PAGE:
QUANTICO, Va., Sept. 2 (UPI) — The FBI on Friday released its internal report and notes from investigators who interviewed Hillary Clinton over her use of a private email system while secretary of state, during which she said she largely trusted subordinates to use their best judgment when transmitting sensitive government information.
Clinton told investigators during her July 2 interview she did not recall ever receiving training or guidance on handling classified information during her time as secretary of state and relied on aides’ judgment on what should and should not be transmitted via email.
Clinton said for months she did not send or receive any classified information on her private email, but the FBI investigation found 81 email chains that included some form of classified information, ranging from “sensitive” to “top secret.”
“Clinton did not recall receiving any emails she thought should not be on an unclassified system,” the FBI’s report on Clinton’s interview states. “She relied on State officials to use their judgment when emailing her and could not recall anyone raising concerns with her regarding the sensitivity of the information she received at her email address.”
Additionally, in 2011, midway through Clinton’s tenure and well after she began using a personal email account, the State Department issued a memo to all employees on Clinton’s behalf, outlining proper document retention procedures. In the memo, employees were discouraged from using personal email accounts for government business and were instructed to forward any work-related emails sent or received on a personal device to their State Department-issued accounts in order to preserve them for archiving. Though the item was sent in Clinton’s name, she told investigators she did not specifically remember asking for it, adding all State Department memos were sent out in her name and frequently they did not require her authorization before being distributed.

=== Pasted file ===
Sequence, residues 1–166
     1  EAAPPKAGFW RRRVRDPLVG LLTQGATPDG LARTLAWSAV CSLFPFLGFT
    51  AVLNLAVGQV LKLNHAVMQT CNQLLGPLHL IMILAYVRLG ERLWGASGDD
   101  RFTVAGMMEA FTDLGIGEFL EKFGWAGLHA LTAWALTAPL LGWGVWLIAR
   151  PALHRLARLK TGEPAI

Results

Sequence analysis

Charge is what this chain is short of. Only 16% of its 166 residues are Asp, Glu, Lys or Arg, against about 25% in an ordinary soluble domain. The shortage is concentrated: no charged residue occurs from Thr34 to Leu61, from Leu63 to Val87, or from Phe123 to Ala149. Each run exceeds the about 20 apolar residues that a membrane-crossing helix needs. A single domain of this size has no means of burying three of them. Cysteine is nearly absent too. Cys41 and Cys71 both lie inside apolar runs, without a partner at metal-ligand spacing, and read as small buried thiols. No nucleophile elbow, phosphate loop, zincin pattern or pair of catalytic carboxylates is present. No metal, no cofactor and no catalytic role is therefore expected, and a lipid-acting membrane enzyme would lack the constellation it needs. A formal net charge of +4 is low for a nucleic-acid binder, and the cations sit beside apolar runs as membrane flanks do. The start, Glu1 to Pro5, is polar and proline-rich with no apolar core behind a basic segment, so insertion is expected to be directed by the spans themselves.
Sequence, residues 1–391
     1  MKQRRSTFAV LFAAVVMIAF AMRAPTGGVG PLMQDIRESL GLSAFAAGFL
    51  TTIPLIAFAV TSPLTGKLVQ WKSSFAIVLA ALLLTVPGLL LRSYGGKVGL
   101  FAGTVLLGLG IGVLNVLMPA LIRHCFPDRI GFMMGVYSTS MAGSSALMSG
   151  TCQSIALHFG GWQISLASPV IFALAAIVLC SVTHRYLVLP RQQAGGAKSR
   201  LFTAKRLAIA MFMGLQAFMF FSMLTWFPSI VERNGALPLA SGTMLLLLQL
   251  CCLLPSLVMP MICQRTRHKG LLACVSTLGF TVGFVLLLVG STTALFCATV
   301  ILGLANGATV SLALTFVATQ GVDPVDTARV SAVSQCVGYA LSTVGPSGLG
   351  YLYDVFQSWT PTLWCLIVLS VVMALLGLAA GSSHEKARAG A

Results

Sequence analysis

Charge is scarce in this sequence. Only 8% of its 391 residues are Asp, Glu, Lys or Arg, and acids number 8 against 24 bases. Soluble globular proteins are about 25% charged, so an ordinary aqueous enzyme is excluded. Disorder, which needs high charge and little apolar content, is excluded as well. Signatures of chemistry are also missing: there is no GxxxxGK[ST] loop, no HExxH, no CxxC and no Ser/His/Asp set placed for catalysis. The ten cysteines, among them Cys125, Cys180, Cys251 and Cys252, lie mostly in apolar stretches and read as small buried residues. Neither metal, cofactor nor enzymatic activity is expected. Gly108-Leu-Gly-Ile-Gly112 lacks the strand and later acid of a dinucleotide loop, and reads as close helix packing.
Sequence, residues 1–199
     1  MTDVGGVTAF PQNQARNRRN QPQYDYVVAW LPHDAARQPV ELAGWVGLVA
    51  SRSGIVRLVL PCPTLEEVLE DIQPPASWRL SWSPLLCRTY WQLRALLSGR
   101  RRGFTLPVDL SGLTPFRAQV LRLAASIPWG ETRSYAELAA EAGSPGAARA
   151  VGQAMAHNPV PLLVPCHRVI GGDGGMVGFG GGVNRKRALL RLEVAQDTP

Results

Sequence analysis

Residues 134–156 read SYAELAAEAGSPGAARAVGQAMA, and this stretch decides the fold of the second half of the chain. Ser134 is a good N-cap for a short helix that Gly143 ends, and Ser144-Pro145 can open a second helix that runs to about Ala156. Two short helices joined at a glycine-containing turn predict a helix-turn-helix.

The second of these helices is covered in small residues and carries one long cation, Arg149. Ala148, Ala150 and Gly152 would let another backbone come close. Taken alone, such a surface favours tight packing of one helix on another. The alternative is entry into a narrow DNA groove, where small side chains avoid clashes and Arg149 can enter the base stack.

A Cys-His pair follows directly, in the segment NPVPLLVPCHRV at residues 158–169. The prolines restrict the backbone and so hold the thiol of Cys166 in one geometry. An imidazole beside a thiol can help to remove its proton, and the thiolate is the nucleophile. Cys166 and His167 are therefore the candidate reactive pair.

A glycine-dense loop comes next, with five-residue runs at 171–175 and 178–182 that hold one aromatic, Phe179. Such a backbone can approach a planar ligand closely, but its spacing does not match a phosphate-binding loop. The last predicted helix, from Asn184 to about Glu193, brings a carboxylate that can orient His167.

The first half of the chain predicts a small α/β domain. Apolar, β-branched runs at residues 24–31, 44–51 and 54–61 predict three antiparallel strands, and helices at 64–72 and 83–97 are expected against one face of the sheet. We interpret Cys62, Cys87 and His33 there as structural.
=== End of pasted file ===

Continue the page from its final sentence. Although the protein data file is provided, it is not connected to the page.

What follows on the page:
The FBI investigation into Clinton’s email ended in July, when FBI Director James Comey said Clinton had been “extremely careless” in her handling of government information, but that her actions did not merit criminal prosecution.
Though the FBI cleared Clinton of criminal wrongdoing, the issue has continued to dog her on the campaign trail. Her opponent, Donald Trump, has used the email investigation to criticize her as untrustworthy. Other opponents, including House Speaker Paul Ryan, have said her handling of classified information should mean she is not given access to classified intelligence briefings typically given to major party presidential nominees.
After Friday’s release, Ryan said it was clear Clinton mishandled government secrets, which he said should have merited criminal charges from the FBI.
“These documents demonstrate Hillary Clinton’s reckless and downright dangerous handling of classified information while secretary of state,” Ryan said in a statement. “They also cast further doubt on the Justice Department’s decision to avoid prosecuting what was a clear violation of the law. This is exactly why I have called for her to be denied access to classified information.”